India and China share one of the longest undemarcated borders in the world, and the dispute involves over 125,000 sq km in the three sectors. The border dispute was the source of the military confrontation between the two countries in 1962. There have been several clashes since then, the most serious being the standoff at Sumdorong Chu in the eastern sector in 1986-87. But the border has been generally peaceful since the 1962 war as neither side has any immediate concern about the other's military intentions. Over the years India has been redeploying its troops away from the LAC. There has been similar force reduction on the other side too. The Chinese authorities have indicated that there are around 240,000 Indian troops and 40,000 Chinese troops deployed along the border.
Although Jaswant Singh told newspersons in Beijing that the Indian government's efforts in the last four years to mend relations with China had begun to bear fruit, resolving the border dispute will not be an easy task. In the western sector, the dispute centres around an area of 33,000 sq km on the Aksai Chin plateau in Ladakh. The matter is further complicated as Pakistan ceded 5,000 sq km of the disputed area to China in 1963. In the eastern sector China continues to dispute India's claims over 90,000 sq km of territory south of the McMahon Line. If any meaningful progress is to be made, to begin with Parliament has to make the necessary amendments to the resolution that was unanimously adopted following the 1962 war "binding the government to obtain the return of every inch of India's sacred soil claimed or taken by China".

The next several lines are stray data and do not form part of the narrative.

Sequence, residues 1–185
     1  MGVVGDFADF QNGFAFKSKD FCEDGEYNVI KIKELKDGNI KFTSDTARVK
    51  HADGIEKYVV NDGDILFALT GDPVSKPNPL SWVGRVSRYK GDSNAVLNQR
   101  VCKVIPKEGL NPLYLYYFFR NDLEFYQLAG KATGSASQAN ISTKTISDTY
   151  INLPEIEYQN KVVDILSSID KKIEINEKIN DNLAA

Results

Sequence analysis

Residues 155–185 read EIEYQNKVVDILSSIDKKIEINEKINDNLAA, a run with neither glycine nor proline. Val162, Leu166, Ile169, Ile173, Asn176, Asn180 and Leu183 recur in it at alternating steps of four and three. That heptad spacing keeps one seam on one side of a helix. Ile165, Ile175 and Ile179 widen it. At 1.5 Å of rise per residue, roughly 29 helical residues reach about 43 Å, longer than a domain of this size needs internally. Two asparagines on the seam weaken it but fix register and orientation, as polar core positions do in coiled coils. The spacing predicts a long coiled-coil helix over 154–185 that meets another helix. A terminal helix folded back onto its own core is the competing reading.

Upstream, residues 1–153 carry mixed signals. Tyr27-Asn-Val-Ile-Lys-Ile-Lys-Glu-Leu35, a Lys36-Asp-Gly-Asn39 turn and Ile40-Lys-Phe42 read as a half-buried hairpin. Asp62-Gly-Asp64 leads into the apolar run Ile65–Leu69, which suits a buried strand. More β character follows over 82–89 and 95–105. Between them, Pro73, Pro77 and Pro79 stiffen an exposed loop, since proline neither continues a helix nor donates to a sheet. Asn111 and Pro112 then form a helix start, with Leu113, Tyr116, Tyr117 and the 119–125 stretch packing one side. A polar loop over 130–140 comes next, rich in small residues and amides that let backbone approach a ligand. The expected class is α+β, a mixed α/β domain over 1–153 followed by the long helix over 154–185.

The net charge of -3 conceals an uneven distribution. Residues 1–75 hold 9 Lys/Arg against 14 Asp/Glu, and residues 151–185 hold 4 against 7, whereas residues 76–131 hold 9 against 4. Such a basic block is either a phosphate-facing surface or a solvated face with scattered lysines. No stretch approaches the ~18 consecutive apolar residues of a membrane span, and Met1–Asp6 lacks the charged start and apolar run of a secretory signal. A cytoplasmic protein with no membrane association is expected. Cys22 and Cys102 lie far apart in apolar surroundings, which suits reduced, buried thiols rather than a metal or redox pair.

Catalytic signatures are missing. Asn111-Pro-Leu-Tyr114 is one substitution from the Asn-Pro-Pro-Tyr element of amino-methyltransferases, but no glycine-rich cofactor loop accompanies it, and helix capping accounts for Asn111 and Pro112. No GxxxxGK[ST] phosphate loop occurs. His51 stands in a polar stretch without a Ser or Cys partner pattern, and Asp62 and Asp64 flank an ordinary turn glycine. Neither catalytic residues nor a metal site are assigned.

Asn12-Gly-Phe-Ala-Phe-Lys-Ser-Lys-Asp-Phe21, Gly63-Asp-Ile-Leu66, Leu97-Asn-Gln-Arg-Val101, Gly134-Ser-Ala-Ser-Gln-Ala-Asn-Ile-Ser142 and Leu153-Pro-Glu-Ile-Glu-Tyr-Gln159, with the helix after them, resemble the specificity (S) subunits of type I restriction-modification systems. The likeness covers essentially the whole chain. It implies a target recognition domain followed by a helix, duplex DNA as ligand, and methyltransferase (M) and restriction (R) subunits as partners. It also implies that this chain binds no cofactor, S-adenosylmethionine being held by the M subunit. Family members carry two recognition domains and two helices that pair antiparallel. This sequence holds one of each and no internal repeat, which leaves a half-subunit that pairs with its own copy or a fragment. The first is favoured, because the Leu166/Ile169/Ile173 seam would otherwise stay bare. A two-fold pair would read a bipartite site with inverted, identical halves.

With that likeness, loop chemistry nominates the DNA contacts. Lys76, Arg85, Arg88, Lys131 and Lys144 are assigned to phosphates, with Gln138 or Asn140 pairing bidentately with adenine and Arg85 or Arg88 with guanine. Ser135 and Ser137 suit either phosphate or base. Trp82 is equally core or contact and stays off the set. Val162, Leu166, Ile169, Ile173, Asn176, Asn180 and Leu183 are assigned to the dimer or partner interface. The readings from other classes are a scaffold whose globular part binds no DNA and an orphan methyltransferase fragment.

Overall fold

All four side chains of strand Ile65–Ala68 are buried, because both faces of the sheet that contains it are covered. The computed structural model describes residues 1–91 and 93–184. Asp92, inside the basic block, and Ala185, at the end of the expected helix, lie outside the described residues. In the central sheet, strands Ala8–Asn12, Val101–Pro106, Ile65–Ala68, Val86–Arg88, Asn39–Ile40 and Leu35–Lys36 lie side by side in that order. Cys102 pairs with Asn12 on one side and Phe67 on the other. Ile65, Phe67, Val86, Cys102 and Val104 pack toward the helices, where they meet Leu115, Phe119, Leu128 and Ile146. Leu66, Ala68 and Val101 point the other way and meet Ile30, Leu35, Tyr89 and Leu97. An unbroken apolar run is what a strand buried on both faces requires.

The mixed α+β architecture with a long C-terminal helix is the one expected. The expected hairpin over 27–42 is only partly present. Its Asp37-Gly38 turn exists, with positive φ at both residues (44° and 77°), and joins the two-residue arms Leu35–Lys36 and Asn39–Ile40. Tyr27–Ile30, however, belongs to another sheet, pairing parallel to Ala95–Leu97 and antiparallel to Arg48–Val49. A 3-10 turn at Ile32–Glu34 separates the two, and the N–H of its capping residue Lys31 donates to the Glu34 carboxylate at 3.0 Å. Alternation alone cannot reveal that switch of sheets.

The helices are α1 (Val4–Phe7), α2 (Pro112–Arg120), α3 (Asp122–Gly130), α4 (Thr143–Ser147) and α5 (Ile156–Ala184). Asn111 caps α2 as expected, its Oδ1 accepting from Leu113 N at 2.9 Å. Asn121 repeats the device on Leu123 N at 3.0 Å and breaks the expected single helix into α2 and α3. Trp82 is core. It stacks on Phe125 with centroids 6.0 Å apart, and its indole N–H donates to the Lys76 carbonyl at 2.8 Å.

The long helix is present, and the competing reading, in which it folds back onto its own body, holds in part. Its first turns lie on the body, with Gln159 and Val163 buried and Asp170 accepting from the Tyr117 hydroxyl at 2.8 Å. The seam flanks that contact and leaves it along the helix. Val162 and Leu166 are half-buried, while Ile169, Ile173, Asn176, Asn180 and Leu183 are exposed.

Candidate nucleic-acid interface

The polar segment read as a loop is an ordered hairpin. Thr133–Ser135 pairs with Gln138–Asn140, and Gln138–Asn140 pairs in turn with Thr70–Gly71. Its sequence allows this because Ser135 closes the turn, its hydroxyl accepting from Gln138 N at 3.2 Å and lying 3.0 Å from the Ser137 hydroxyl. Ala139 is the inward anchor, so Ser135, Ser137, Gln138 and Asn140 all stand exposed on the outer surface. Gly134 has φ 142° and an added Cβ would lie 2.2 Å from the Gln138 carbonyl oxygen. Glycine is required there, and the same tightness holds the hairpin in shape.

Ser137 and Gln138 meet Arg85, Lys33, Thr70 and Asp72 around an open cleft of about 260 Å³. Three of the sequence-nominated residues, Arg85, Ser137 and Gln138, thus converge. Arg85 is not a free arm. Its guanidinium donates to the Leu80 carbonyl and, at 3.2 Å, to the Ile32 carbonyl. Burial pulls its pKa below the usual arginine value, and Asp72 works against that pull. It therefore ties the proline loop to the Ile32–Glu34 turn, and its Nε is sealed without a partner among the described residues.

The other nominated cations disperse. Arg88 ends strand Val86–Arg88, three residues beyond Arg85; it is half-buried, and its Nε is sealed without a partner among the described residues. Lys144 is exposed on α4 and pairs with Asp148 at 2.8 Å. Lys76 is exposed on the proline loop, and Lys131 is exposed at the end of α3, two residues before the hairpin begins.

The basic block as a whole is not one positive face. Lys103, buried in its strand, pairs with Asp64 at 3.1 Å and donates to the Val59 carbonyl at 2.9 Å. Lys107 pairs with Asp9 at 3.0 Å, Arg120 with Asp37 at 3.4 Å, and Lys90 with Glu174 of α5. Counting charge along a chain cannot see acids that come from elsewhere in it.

Jaswant Singh described the talks he had with the Chinese leadership in Beijing as "productive and substantive". Besides holding discussions with his counterpart, Tang Jiaxuan, the Indian External Affairs Minister also met Premier Zhu Rongji and Vice-Premier Qian Qichen. Qian is in charge of Foreign Affairs in the Chinese Communist Party's (CPC) Polit Bureau. Jaswant Singh also conferred with Dai Bingguo, head of the International Liaison Bureau of the CPC. The "substantive agreements" included the decision to hold the first ever official talks between the two countries on ways to combat terrorism, which Jaswant Singh said would be held in April.
After September 11, the Chinese government has also jumped on to the international anti-terrorism bandwagon. Chinese officials now allege that the Uighur separatists, who are fighting for an independent East Turkestan state, were being helped by the Taliban and the Al Qaeda.
India and China have also re-emphasised their determination to increase bilateral trade substantially. Both countries have the potential to become the world's largest markets and the prospects of economic and trade cooperation between them are vast. During Premier Zhu's visit to India earlier in the year, both sides had signed agreements on cooperation in tourism and Memoranda of Understanding on cooperation in the peaceful use of outer space, on China providing hydrological information to India and on cooperation in the field of science and technology. During Zhu's visit, business contracts worth more than $100 million were signed. But the volume of trade between the two countries is only around $3 billion annually. The Chinese are of the opinion that bilateral trade can increase to $10 billion annually in the next couple of years if both sides make an effort.